When I started photographing, I was using iPhoto on Mac OS X, but when I switched to Linux I first used digiKam and then F-Spot. They're both pretty good, but F-Spot's GTK goes better with my GNOME desktop than digiKam, and I appreciate F-Spot's concept of 'multiple versions' of a photo, so that if I open a photo in GIMP and later decide I messed up the colour balance or the cropping, I can always go back to the original.

F-Spot and digiKam both have their own databases, but both also have the option of copying tags and other-metadata into the EXIF chunk as well - when I imported my photos from digiKam to F-Spot, I just said 'import from this directory' and all my digiKam tags suddenly showed up in the F-Spot tag list.

icon auser at 06:42 on 21 October 2009

Fspot has an option to store the metadata in the exif data
as well as in it's database.

icon Nicholas Lee at 09:53 on 21 October 2009

I've been using digital photos for 10 years. My prefer now is to keep "Master" images in YYYY/MM/NN-DESC. Where NN is 01 to 99 and DESC is a short description.

I find that image management packages like workstations come and go, but if there is a picture I want to find I can generally remember the date I took it.

The DESC is also find-able. If you rename the photo files with more detail they are also fine-able. You could also add find-able tags by creating empty files with the appropriate names in the directories.

Image packages are useful if you want to do some batch editing or bulk uploads. A good file system layout with last a long time.

You can then layer another system on top, but if you lose that system then you would lose the basic structure.

icon Steve Kemp at 10:11 on 21 October 2009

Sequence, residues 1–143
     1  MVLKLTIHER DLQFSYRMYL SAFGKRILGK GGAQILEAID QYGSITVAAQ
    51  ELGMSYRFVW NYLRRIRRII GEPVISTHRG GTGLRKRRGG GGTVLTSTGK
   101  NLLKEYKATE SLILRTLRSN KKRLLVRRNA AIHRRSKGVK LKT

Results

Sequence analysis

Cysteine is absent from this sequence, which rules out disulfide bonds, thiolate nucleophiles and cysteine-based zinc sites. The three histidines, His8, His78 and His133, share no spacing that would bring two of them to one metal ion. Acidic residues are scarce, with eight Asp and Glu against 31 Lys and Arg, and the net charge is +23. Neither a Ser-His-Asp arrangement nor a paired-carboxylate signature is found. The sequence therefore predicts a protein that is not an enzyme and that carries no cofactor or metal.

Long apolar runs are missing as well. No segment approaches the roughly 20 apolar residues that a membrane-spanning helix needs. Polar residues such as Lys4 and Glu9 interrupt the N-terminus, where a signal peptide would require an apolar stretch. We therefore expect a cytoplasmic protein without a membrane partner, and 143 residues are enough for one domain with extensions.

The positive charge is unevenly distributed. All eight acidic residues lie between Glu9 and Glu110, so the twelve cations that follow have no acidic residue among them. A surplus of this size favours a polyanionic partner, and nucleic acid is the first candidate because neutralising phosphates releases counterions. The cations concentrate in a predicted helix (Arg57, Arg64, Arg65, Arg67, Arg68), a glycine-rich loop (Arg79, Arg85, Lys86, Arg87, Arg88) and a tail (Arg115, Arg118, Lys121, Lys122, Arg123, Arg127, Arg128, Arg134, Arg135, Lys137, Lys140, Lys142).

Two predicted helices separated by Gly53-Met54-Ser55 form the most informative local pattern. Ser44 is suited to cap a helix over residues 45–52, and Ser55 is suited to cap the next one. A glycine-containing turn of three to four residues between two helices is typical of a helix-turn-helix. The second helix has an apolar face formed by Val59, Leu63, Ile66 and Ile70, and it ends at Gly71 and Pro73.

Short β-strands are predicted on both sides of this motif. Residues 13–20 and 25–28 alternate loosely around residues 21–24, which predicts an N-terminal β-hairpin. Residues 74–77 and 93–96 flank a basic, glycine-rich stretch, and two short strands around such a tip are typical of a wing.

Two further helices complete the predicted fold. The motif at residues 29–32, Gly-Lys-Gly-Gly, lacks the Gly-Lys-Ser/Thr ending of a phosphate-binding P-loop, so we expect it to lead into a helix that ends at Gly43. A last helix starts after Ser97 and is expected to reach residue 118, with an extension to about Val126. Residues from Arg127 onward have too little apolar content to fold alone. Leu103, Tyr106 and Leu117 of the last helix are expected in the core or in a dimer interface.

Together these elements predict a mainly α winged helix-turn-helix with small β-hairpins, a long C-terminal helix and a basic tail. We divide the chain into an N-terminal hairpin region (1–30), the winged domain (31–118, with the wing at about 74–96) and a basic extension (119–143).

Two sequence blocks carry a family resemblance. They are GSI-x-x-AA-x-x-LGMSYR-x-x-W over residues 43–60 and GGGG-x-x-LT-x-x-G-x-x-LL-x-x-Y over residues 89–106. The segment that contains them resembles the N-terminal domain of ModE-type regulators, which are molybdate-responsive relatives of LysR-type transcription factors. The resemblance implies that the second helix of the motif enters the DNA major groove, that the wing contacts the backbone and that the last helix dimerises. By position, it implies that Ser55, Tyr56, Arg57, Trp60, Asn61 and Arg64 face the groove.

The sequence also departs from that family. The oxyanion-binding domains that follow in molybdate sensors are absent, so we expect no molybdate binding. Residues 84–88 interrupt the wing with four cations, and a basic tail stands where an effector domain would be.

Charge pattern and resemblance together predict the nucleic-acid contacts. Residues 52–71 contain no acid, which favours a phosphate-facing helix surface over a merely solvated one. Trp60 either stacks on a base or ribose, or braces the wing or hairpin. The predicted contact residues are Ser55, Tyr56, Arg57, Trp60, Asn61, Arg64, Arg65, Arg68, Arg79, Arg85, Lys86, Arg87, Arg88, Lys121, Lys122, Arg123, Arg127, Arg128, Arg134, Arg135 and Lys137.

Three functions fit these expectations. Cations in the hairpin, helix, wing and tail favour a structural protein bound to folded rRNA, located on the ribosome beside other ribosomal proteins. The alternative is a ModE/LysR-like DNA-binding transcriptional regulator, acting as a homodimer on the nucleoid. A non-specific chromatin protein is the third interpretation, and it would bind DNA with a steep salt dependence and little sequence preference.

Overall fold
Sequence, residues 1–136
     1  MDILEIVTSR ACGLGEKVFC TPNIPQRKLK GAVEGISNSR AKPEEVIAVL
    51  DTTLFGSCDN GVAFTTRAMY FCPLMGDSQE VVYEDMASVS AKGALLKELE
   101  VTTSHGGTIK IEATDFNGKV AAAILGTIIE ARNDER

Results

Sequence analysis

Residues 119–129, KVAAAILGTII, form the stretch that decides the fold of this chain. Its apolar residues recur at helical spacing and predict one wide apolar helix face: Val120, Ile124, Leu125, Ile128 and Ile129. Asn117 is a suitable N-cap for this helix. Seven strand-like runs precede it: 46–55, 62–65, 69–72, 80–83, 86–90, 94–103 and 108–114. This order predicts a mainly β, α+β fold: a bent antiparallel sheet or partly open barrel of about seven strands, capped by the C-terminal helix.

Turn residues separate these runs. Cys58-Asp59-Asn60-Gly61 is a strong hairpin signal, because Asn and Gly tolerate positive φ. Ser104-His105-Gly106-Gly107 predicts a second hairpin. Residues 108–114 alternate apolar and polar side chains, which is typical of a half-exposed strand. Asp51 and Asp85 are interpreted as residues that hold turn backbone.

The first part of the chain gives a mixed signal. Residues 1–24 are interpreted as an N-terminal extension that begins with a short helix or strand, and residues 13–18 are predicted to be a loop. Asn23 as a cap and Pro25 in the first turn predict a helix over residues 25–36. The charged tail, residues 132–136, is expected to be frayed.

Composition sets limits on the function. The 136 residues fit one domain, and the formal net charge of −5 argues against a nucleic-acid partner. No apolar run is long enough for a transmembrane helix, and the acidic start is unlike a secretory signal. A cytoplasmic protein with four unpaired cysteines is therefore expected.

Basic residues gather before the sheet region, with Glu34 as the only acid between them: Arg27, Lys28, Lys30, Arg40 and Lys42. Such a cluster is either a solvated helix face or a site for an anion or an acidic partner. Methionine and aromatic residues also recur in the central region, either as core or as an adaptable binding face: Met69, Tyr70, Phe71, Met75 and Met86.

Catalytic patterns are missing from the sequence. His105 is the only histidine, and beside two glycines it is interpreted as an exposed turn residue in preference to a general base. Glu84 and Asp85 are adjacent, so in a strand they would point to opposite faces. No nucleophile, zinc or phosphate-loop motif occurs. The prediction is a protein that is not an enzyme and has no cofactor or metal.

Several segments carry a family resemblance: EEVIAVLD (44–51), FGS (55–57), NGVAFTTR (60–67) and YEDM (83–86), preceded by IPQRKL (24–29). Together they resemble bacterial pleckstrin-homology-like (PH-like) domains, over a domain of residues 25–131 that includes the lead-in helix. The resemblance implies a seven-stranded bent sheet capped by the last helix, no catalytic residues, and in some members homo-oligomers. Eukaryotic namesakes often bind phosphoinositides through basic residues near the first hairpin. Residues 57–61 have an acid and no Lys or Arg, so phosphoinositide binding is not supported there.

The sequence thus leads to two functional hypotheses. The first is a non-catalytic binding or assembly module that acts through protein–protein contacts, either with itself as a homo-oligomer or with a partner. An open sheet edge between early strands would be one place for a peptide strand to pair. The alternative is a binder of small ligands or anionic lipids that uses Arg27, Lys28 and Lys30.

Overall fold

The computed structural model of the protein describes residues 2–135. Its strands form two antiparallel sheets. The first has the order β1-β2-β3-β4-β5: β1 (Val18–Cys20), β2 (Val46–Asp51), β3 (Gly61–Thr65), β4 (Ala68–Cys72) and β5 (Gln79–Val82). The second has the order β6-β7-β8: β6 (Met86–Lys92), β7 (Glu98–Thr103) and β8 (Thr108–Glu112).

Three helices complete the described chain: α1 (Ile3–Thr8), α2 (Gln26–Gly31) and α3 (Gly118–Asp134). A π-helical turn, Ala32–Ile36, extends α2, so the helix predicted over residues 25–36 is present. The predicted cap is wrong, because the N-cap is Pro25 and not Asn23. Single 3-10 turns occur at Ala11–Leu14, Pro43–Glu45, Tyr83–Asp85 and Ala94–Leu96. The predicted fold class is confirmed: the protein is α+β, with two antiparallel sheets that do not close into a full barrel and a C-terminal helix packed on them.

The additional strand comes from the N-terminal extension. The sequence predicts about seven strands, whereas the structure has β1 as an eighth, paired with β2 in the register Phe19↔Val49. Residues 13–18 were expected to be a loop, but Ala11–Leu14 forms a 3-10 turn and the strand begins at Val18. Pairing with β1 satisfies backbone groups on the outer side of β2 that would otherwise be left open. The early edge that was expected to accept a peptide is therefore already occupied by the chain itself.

Thanks for the comments everybody - I think that I've now got my mind made up:

  • I'll archive images to sensible local paths, probably date-based rather than my current description-based system.
  • I'll store any details such as tags, and titles, in the files themselves.
  • I'll explore using f-spot and similar to see if they gain me anything, but I'll not commit to storing and managing my images with any single application.

icon Eirik Schwenke at 12:06 on 23 October 2009

I wanted to suggest a good package for image management -- but I forgot which one I last found, when looking for a Free alternative to picasa.

I do recommend trying picasa2 -- it sets a nice benchmark for speed, and some features to expect. I suspect the Adobe-tools would be good inspiration as well.

However, the last package I came across looks very promising: Jbrout1. It's written to keep tags in picture-data (no db), and makes use of lossless rotations etc.

Not sure if there's any support for digital negatives (DNG).

I also came across a Dr. Dobbs Journal article3 on indexing and searching images using lucene (the code is for .net). In general I'm leaning more towards a workflow/fileflow like the following:

1) Take pictures
-sort in camera (first round of deletions)
2) Copy to //.dng (theme usually
contains year, so others might prefer: year/theme or
3) Use a DNG-tool to preview fullsize. Second round of
4) Tag/organize using something like picasa or jbrout/fspot.
5) Retreive/search using dedicated search/index
6) Edit/prepare for use -> save as new (ie:goto 4)

[1] http://jbrout.python-hosting.com/
2 picasa.goole.com
3 http://www.ddj.com/cpp/210603684

icon Eirik Schwenke at 12:19 on 23 October 2009

Actually, I think the last program I settled on was digikam (http://www.digicam.org). I recently tested the version available in squeeze -- and while I only have a few small images on hand -- it seems really snappy -- and it handles digital negatives.